- Competition – your competitors don’t have to be your enemies. If you build a relationship with them, they can potentially refer customers to you.
The only group of people I haven’t mentioned thus far is regular conference attendees. You should get to know these people, but it usually happens naturally as long as you aren’t sitting on the sidelines.
Don’t eat lunch with your friends
Most conferences provide lunch. The lunch food usually isn’t great, and when lunchtime comes, you will have the urge to eat out. Don’t!
Not only should you eat lunch at the conference, but you should also sit at a table filled with people you don’t know. When you do sit down, introduce yourself, and get involved in the conversation.
You’ll be amazed by whom you’ll meet over a 30-minute meal.
Walk the floor
Most conferences have an exhibition floor filled with sponsors and companies showcasing their services or products.
Take at least an hour to walk through the exhibition floor, and see if there are any companies you’re interested in. Even if you don’t buy anything, you can still get a lot from exhibitors.
Other than swag, you can get free products and services that will help your business grow. It just may take a bit of schmoozing to get these things for free.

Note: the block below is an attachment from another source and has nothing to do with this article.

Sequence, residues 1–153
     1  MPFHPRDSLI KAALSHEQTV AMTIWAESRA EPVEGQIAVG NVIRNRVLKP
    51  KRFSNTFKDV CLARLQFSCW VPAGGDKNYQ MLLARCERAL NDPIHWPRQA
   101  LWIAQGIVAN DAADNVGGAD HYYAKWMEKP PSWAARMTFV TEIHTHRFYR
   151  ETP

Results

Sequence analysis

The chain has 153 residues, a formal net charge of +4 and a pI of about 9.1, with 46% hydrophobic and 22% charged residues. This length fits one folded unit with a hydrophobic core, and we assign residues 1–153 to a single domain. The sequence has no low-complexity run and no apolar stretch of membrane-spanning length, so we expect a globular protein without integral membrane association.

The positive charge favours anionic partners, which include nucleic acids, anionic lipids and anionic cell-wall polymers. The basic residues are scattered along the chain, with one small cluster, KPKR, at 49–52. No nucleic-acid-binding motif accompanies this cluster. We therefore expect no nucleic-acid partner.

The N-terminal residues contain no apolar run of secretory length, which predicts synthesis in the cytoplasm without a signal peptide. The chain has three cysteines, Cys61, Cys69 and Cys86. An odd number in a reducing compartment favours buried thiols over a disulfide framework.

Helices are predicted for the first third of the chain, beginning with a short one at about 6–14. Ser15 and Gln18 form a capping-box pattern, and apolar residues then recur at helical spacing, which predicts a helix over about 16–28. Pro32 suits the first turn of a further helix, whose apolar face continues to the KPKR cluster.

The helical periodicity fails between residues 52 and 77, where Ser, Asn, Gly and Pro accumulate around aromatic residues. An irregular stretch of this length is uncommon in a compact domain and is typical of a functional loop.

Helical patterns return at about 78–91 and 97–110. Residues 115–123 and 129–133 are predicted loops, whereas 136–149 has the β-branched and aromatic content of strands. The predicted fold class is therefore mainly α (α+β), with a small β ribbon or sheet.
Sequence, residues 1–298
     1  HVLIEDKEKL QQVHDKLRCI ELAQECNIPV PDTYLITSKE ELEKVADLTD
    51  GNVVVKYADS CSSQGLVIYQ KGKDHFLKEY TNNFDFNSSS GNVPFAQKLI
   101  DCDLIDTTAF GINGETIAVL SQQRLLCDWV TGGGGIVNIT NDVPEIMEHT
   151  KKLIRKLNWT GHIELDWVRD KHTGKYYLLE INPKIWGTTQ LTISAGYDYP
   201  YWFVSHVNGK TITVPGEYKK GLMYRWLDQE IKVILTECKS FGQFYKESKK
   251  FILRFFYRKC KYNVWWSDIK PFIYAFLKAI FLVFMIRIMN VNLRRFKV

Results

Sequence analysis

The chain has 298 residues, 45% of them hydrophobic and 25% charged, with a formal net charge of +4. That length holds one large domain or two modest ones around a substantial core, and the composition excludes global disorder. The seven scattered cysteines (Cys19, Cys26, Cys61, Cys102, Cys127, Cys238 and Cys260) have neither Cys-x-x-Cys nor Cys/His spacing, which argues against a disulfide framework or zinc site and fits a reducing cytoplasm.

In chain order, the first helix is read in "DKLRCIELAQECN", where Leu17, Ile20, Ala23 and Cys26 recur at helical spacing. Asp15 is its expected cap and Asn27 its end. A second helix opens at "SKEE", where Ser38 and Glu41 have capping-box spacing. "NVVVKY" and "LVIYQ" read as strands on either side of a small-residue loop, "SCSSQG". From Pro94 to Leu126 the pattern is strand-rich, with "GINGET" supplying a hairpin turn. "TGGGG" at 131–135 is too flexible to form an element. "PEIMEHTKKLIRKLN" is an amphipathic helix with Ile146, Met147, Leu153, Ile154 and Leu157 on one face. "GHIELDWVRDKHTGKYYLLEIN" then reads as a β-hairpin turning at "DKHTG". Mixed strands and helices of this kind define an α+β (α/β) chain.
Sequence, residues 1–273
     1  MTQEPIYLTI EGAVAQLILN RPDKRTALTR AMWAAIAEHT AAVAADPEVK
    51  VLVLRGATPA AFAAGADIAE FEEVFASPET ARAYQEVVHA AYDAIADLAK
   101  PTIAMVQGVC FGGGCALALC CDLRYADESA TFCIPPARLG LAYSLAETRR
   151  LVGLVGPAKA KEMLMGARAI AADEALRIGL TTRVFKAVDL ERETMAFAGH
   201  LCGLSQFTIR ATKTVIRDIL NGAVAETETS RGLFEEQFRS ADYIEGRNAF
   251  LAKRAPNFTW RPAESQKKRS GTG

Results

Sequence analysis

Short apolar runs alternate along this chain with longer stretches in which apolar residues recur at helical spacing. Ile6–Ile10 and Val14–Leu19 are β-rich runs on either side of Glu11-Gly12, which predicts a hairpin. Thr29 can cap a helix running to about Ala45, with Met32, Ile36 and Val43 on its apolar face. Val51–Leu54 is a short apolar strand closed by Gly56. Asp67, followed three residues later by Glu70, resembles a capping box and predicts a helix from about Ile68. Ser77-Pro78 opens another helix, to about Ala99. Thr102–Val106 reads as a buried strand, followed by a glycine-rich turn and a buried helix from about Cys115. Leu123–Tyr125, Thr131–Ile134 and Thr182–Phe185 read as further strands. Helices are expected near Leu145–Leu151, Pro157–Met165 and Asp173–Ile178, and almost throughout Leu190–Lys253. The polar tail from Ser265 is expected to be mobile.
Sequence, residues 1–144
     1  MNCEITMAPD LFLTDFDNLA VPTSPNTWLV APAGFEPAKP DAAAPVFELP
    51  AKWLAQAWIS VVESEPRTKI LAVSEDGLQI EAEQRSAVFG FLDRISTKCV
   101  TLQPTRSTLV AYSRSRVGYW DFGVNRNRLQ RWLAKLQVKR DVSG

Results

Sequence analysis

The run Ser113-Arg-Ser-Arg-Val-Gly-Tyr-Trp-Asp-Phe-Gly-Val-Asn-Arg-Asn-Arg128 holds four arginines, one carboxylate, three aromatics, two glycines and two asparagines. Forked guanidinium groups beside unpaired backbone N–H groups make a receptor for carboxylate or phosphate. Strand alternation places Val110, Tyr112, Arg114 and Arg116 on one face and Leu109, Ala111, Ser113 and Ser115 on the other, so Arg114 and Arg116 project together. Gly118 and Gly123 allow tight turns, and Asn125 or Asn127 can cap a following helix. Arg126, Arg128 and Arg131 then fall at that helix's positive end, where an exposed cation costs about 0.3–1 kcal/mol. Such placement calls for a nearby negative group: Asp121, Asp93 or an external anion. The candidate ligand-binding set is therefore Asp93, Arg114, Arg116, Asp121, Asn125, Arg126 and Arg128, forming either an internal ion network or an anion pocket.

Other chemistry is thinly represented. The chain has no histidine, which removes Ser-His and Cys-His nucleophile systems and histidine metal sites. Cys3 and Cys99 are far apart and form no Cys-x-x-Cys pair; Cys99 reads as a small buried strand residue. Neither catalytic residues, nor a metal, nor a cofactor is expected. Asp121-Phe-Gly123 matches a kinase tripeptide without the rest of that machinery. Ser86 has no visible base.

Take someone out to dinner
If you want someone to open up to you, you have to talk to them one on one. It’s hard to do this at a conference because you can easily get interrupted. Typically, most conferences give you a few hours for dinner before any after-parties.
Find someone you want to get to know on a personal level, and ask them to dinner. If they say no, move on to the next person.
During your dinner meeting, don’t just talk about business. Find out how they’re doing, and chat about whatever interests them.
There is nothing wrong with doing business over dinner, but it shouldn’t be the focus. The focus should be on building the relationship.
Once the dinner is over and the bill comes, make sure you pay for it.
Attend the after-parties
The biggest value of a conference is the after-parties. This is where you’ll get the best information. When people are loose (have a bit of alcohol in them), they’ll end up talking and sharing almost anything.
Here are a few unwritten rules to follow when attending after-hour parties:
- What happens at the party stays at the party. Don’t go and blab everything you hear.
- Don’t push people for information… even if they are drunk. Get to know people, and if they naturally want to share information with you, great.
- Don’t leave the party early even if you are tired. You’ll benefit more from staying than leaving.
- Stay away from the dance floor and any loud speakers. It is difficult to have conversations in these areas.
- There is typically another party after the party is over, so try to go to it.
Don’t forget to follow up
At this point, the conference is over, right? Technically it is, but for you, it isn’t. You have to follow up with EVERY person you met at the event.
If you don’t, you’ll never end up building any real relationships. Meeting someone is great, but if you don’t get to know the people you meet, you won’t gain value from the conference.
If a portion of the people you email or call don’t respond to you, you can try following up again in a few weeks, but I recommend letting it go. You don’t want to come across as being bothersome.